CHISINAU (Reuters) - Moldova’s communist rulers regained control of parliament and the presidential offices from anti-government protesters on Wednesday and blamed NATO member Romania, its neighbour, for stoking the violence.
President Vladimir Voronin accused the opposition — which favours closer ties with the West — of attempting a coup in Tuesday’s violent protests in the capital of Europe’s poorest country.
One woman died and about 100 people were hurt after protesters, who alleged that a weekend parliamentary election won by the communists was rigged, ransacked Voronin’s offices and looted parliament.
After riot police re-took the smoking and wrecked buildings early on Wednesday and rounded up 193 opposition protesters, Voronin said he was expelling Romania’s ambassador.
Moldova, an ex-Soviet republic, has close ethnic, cultural and linguistic ties with the NATO and the European Union member.
“When the flag of Romania was raised on state buildings, the attempts of the opposition to carry out a coup became clear,” Voronin was quoted as saying by Russia’s Interfax news agency.
“We will not allow this.”
Russia’s RIA news agency quoted Voronin as saying the Romanian ambassador had been declared persona non-grata while Interfax said he accused Romania of involvement in the protests.
The Romanian foreign ministry hit back saying Moldova’s accusations amounted to “a provocation”. It said it continued to support closer ties for Moldova with the EU.
Voronin won immediate backing from Russia whose foreign ministry issued a statement of support for his action, saying the riots had been aimed at undermining Moldova’s sovereignty.
“We all saw under which flags these outrages have been carried out and hope that the European Union will make most serious conclusions,” Foreign Minister Sergei Lavrov said.
The United States and the EU urged an end to violence.
In London, Fitch Ratings said Moldova’s “B-“ credit rating could be threatened if political unrest in the country persisted though the fallout to the rest of the region appeared to be contained for now.
“There’s already a fair bit of political risk built into Moldova’s “B-“ rating but if the unrest is prolonged and severe and impacts the economy, we would expect to take some ratings action,” said Edward Parker, Head of Emerging Europe Sovereigns at Fitch Ratings.
Mass street protests against disputed election results in other ex-Soviet states led to power changes in Georgia, Ukraine and Kyrgyzstan, though it was not clear in Moldova’s case what grassroots support the protesters had.
Central Chisinau was calm on Wednesday. A small crowd of a few hundred protesters stood near the parliament building, which was guarded by riot police. No violence was reported.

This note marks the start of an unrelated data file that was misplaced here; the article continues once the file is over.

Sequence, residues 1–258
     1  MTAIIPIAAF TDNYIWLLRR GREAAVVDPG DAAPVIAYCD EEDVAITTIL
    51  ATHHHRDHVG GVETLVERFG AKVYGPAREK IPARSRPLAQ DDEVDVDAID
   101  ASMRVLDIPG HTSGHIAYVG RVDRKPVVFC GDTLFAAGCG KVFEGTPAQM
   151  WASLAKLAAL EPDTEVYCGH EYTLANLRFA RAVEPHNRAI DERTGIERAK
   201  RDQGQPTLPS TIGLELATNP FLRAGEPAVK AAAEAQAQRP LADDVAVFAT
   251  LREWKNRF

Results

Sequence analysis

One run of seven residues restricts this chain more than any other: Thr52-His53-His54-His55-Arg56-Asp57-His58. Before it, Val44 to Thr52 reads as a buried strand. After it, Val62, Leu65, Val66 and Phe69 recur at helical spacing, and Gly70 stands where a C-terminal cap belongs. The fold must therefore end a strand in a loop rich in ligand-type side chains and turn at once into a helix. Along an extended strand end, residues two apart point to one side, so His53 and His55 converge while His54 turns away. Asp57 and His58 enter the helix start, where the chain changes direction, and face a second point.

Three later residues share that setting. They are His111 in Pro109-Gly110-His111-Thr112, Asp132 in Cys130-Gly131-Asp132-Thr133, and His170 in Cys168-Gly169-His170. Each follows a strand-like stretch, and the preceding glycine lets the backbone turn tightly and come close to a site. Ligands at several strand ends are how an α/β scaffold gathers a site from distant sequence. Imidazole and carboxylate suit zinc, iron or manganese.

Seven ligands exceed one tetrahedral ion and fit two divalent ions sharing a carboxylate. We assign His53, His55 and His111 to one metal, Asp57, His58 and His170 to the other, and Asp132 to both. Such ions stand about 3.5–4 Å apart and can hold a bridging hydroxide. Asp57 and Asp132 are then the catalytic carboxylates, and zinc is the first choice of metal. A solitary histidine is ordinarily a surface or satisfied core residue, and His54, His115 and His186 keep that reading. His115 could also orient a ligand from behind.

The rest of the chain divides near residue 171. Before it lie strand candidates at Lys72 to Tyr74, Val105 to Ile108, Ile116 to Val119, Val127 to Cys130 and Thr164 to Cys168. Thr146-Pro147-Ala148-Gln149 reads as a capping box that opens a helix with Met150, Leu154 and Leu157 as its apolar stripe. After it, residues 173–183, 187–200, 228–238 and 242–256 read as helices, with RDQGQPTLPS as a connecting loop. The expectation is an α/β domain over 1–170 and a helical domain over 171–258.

But one analyst expected the unrest to continue.
“We would expect the demonstrations to continue for several more days and possibly become more violent. The government is accusing the opposition of orchestrating the demonstrations but in reality they appear more spontaneous, mainly student based,” Joanna Gorska, deputy head of Eurasia Forecasting at specialist intelligence company Exclusive Analysis, told Reuters.
Gorska said tensions had been sharpened by the global economic crisis since remittances from Moldovans abroad, on which the economy relies, had dropped sharply.
Moldova is divided between Voronin’s pro-independence forces and opposition groups who favour closer EU ties and possible unity with Romania.
The Interior Ministry said that 193 people, including eight minors, had been detained overnight on charges of looting, robbery, hooliganism and affray.
Ministry spokeswoman Ala Meleca said: “The police intend to uphold public order. If necessary, they will use special means, including firearms.”
Opposition leaders condemned Tuesday’s violence but demanded new elections. Some protesters demanded the resignation of Voronin, who is due to step down because of constitutional term limits but wants to retain power from behind the scenes.
Official election results from Sunday’s vote put the Communists in front with close to 50 percent.
Vlad Filat, leader of Moldova’s Liberal Democrats, accused the government of going back on an earlier pledge to hold a recount and predicted “some very serious repression”.
The worst violence to hit Moldova’s capital in decades could complicate efforts to resolve an 18-year-old separatist rebellion in the Russian-speaking region of Transdniestria, where Russia has had troops since Soviet times.
Additional reporting by Peter Apps in London and Justyna Pawlak in Bucharest